Students love choice. That's why giving students the power to choose books for independent reading, teacher read-aloud and classroom libraries makes them much more engaged and motivated readers.
In No More Reading for Junk, authors Barbara Marinak and Linda Gambrell provide teachers with research-based context for fostering reading motivation in children, as well as strategies and techniques proven to transform students into passionate, lifelong readers.
One of the things I love most about teaching is that it constantly offers us new beginnings. Every semester is a chance to reinvent ourselves, our teaching, and our classrooms. Few professions offer this opportunity for reinvention, and all around me I see brilliant educators embrace it again and again.
As a principal, I take pride in the literacy workshops in our school—places where students are consistently invested in their learning and their work. When I step into a fourth grade classroom, it has that quiet hum of productive engagement. When I pull up a chair next to Clare, she tells me that she wants her narrative to have feeling in it, just like in The Other Side, by Jaqueline Woodson. The book is open on the table next to her draft covered in arrows, stars, and cross-outs. In a first grade classroom, I stand back and watch as Carlo finishes the book he is reading. He gets up and heads over to the classroom library, and after browsing a few different bins selects a book and plops right down in the bean bag in the library corner to embark on his next reading adventure. Children here see the literacy work they do in school connect seamlessly with the rich reading and writing they do outside of school–work that they do not as an assignment, but because they enjoy it.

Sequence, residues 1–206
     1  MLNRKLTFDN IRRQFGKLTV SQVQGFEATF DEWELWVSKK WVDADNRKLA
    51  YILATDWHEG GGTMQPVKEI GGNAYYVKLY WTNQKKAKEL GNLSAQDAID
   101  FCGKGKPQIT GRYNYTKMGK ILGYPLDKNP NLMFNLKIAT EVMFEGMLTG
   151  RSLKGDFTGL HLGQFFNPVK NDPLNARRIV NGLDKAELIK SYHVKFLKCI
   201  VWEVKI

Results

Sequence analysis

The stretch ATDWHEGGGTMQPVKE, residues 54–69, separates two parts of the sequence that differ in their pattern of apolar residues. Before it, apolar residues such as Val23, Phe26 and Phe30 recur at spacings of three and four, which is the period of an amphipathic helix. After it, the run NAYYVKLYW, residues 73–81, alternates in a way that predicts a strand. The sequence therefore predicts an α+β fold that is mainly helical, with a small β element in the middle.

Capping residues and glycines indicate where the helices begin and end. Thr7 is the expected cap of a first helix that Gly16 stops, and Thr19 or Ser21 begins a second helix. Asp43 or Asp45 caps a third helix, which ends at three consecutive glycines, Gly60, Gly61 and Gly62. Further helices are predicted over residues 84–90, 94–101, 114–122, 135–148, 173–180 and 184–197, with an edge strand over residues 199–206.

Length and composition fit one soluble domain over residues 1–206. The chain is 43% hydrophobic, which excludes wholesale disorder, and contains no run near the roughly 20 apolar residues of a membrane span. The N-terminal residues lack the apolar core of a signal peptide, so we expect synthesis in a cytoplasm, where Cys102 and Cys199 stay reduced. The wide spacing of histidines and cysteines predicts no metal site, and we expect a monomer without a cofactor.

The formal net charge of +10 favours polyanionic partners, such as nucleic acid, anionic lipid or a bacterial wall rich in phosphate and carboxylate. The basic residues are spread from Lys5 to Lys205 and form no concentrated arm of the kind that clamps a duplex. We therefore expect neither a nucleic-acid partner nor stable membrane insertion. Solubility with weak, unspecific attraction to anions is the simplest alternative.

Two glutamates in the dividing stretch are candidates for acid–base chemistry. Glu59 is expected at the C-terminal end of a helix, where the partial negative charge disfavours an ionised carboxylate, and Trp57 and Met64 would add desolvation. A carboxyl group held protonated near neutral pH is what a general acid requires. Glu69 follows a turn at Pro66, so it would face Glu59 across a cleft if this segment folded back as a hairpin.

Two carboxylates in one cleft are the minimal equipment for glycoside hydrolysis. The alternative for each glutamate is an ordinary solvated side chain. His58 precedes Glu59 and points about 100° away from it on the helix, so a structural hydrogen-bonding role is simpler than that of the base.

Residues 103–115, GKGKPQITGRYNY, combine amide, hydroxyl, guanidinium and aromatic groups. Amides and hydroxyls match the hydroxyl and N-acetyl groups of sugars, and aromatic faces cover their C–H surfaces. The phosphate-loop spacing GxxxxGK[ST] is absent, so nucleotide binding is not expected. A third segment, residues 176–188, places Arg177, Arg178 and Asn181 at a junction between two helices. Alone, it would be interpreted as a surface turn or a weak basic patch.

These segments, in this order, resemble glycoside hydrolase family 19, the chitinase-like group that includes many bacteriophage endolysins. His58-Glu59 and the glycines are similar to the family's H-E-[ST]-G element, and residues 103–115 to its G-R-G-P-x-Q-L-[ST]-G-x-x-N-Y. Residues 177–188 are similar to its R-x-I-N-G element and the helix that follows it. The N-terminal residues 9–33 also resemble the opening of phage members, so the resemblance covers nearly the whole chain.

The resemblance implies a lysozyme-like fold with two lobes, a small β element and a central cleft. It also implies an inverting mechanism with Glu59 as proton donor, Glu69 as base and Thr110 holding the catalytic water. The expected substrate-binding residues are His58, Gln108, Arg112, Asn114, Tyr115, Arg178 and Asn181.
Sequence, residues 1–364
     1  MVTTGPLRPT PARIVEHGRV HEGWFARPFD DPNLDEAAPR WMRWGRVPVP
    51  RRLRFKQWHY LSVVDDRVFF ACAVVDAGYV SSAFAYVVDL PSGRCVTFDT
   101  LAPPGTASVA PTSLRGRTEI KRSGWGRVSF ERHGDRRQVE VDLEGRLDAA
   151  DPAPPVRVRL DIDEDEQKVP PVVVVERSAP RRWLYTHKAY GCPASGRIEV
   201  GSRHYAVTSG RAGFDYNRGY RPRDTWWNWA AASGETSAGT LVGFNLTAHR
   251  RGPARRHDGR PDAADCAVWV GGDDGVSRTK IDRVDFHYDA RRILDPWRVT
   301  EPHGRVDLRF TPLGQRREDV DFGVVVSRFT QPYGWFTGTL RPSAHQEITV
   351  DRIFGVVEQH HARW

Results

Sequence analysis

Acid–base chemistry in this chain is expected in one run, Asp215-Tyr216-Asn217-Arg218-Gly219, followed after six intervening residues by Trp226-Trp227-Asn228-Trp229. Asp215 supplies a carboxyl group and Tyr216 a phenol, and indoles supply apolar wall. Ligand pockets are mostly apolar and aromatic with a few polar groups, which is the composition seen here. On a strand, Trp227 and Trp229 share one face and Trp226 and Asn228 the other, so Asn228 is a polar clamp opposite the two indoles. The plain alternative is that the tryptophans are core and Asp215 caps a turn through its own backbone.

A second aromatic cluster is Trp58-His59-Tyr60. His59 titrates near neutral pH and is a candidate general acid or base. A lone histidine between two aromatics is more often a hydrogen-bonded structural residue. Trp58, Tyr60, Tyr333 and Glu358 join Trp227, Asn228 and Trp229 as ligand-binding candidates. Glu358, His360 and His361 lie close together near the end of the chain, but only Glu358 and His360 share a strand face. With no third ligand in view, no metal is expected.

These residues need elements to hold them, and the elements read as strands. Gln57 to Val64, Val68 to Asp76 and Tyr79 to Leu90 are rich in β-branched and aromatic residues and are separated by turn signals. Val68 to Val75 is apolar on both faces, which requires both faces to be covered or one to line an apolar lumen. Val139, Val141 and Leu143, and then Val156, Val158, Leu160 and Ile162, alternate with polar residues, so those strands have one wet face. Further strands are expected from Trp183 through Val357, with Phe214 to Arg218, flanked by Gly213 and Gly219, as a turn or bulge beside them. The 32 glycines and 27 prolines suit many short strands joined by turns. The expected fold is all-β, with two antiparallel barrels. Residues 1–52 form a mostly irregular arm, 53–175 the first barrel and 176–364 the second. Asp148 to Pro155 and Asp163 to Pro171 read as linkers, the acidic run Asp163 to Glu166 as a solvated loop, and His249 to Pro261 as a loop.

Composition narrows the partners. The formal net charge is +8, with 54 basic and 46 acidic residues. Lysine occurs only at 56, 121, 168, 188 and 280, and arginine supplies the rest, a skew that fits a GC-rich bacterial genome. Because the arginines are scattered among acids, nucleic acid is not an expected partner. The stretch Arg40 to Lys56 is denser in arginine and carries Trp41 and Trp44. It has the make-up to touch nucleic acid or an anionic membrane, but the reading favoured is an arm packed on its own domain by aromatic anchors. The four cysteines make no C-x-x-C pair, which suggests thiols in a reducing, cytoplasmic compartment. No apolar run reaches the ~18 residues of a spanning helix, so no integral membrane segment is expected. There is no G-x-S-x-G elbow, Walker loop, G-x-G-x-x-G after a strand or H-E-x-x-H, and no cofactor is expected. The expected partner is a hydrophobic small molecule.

Writing and reading are about using our imaginations, our understandings, our questions, and creativity, our feelings, our humanity to work through our thinking about ourselves, about others about the world in which we live. Surely this is crucial enough to merit our attention. –Linda Rief
The Writers-Readers Notebook (WRN) is a place where students are allowed the time, choice, and practice of using writing to make sense of the world and their place in it. More than an academic journal documenting learning—yet not a diary—the WRN serves a range of purposes for both the students and the teachers.
TCRWP Twitter Chat: Choice and Independence in Teaching the Reading Units of Study
Written by Anna Gratz Cockerille
It may come as no surprise that research shows that Americans are reading less. A 2015study from the Pew Research Center found that 72% of American adults say they have read at least one book in the past year, a 7% drop from 2011. Some happy news: reading rates among the youngest group surveyed (ages 18-29) have gone up, with 80% of participants claiming to have read a book in the last year. As teachers of reading, we know how important it is to support the continuation of this upward trend.
Amy Greenbaum Clark is a Heinemann Fellow with the 2014–2016 class, and has been an educator for 15 years. In today's post, Amy provides an update on her action research project, which asks, "In what ways does the study and composition of poetry impact other modes of student writing; in particular, narrative and scholarly essay writing?"